Adding supplements or electrolytes to water can decrease intake in horses.
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Grazing muzzles are an effective means of restricting pasture intake by ponies.
Steaming represents a management strategy for reducing dust and mold levels and increasing dry matter intake in some hays. However, steaming should not replace the main goal of feeding good quality (i.e. low in dust and mold) hay.
A well-maintained compost system is capable of rendering P. equorum eggs non-viable within 8 days.
Composting provides many benefits including significant reductions in mass and increased nutrient concentrations.
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Horses should have a yearly dental evaluation, especially if consuming a diet low in forage or high in pellets.
The lower the pH of the water, the less the horses will consume.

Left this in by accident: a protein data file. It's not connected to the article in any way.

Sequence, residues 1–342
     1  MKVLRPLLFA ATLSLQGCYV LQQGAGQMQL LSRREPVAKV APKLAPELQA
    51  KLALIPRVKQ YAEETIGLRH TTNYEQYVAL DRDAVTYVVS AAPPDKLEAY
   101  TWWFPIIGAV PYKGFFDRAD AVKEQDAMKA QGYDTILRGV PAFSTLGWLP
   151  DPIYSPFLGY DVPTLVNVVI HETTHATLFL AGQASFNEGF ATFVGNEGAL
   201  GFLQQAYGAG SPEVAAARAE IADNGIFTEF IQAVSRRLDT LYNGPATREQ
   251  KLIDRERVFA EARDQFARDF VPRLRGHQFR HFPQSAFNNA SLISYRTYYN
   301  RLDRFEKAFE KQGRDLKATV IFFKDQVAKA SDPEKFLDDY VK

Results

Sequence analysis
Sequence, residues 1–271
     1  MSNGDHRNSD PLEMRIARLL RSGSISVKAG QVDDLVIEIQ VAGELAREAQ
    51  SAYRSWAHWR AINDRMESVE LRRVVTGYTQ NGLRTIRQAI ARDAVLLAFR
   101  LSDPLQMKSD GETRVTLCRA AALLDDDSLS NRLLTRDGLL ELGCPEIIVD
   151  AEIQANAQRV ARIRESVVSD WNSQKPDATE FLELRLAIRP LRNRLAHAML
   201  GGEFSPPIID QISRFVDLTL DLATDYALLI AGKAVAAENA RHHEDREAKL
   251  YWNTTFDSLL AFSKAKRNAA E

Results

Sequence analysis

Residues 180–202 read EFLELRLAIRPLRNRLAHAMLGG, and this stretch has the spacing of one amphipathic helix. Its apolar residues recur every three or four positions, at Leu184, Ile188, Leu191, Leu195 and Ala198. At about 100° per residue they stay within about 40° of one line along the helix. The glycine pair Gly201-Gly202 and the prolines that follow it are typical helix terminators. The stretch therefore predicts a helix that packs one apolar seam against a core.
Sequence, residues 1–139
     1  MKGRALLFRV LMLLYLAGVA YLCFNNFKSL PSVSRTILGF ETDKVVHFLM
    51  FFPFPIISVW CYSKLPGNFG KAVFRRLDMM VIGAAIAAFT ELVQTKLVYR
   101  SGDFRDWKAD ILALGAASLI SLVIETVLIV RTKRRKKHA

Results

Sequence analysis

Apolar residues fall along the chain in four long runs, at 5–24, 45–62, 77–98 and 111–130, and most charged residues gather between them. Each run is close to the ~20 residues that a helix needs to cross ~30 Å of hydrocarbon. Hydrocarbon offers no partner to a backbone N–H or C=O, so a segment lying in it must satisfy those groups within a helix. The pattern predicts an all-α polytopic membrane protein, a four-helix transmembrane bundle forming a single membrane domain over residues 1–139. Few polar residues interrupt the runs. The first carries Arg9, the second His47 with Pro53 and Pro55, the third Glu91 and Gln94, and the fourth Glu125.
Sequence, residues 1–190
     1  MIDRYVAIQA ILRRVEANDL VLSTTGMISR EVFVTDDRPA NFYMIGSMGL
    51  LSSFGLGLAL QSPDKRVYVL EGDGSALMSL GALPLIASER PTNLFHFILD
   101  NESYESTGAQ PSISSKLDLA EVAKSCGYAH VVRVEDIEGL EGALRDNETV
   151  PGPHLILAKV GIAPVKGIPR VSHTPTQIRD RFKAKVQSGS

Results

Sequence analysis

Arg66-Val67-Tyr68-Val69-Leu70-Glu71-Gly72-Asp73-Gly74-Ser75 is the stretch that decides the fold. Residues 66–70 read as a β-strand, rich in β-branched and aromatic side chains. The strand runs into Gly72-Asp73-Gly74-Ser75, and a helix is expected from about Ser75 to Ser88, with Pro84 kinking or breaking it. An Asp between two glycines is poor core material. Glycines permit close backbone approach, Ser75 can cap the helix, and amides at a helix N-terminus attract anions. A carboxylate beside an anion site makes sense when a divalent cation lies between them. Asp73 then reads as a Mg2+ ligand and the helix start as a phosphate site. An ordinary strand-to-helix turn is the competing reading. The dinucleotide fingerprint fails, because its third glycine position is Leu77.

Using obstacles in the feed bucket increased feed intake time.
Shelter access is important in snowy, windy conditions.
The effects are evident after 6 hours of transport.
Wheat straw bedding and partial mucking out were most favorable.
Horses with wider loins and greater cannon bone circumference can bear weight better.
Using stall cleanings is effective in composting.
This behavior may be tied to feeding or digestion, instead of stress or boredom.
Horses have the ability to produce a distinct and repeatable call.
Avoid using compost containing sodium pentobarbital as fertilizer.
Free access to concentrate feeds can decrease cribbing but result in health problems.
Easier to clean than shavings, but dustier.